Doubtful Sound
The next day we went to Doubtful Sound which was named by Captain Cook in 1770 when, looking at the narrow
entrance to the sound, he was doubtful he could safely get his vessel in and out. The 40-km long fiord is the second
largest and the deepest in Fiordland. Getting there is an adventure requiring two boat rides and a coach ride. Pictured
below is a small portion of lake Manapouri which we crossed to get to the Fiord.
At the summit, our coach stopped so we could have a view of the fiord before descending to the end of the road to
board our boat (below).
One of the first
things to greet us
on our voyage
was the pod of
bottle nose
dolphins which
reside in the
Above, a view back into
the Fiord.

Left, two Fiordland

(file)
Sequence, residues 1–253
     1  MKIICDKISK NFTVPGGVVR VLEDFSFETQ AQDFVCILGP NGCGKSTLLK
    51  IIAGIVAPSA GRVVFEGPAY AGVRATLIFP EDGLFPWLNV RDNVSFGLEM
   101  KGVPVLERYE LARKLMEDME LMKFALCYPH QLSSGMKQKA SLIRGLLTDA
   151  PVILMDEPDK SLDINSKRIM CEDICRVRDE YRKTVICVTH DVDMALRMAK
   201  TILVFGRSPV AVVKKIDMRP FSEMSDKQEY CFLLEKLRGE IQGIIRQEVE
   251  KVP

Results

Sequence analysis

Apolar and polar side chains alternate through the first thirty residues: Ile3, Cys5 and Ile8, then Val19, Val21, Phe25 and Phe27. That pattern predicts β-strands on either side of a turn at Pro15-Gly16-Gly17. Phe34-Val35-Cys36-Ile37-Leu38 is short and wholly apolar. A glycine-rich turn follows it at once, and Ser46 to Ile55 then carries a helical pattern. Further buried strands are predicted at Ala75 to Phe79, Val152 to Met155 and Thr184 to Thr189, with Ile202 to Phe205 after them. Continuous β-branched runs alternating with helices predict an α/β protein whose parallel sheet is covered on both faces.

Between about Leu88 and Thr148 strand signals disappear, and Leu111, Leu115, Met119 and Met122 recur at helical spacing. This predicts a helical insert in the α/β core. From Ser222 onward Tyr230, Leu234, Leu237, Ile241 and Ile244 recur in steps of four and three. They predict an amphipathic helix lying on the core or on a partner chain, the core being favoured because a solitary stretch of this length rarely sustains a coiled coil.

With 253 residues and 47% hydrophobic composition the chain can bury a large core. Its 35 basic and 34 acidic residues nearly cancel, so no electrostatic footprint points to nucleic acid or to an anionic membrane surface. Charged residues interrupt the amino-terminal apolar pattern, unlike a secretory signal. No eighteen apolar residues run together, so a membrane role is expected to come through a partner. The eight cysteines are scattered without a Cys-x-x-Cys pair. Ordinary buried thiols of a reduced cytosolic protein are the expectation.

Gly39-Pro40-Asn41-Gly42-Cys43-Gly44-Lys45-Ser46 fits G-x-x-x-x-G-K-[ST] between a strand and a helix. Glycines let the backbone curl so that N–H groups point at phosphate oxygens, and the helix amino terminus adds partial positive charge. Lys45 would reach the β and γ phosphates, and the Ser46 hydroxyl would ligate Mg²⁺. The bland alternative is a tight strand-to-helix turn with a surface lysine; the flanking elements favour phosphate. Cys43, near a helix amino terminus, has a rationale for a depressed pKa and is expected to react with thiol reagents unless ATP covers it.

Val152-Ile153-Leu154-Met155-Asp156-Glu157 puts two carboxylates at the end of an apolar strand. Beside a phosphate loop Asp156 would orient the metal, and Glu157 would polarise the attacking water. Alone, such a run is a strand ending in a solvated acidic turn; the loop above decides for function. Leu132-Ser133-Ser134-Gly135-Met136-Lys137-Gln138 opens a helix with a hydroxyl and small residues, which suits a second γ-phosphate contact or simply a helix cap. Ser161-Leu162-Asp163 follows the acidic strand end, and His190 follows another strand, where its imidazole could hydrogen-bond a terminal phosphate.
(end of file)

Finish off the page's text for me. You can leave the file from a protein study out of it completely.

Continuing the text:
Crested penguins on a
little island at the mouth
of the Fiord. Two days
in a row we were
treated to the spectacle
of these rare penguins.
On our way back, our coach stopped to take us to the Manapouri
Power Station. We got to the generators by going down a two
kilometer long tunnel barely wide enough to fit our coach. Once
again Jackie was freaked out.
The Manapouri Power Station is the largest electric generation plant in New Zealand. Originally, the intent was to raise
Lake Manapouri by 30 meters. However, those plans met one of the first challenges by early environmentalists. The
plant was built, but the lake level must remain at its natural level.

From the seven generators below, the water flows out a six mile tunnel to Deep Cove.
On day three, we hiked
the Kepler Track to the
first Hut.
Jackie was not afraid to cross the swinging bridge to the Kepler

One reward for doing the hike was an encounter close to the hut
with the rare New Zealand pigeon (below from the side and the
We also had the pleasure of meeting
this feathered fellow (above) at the trail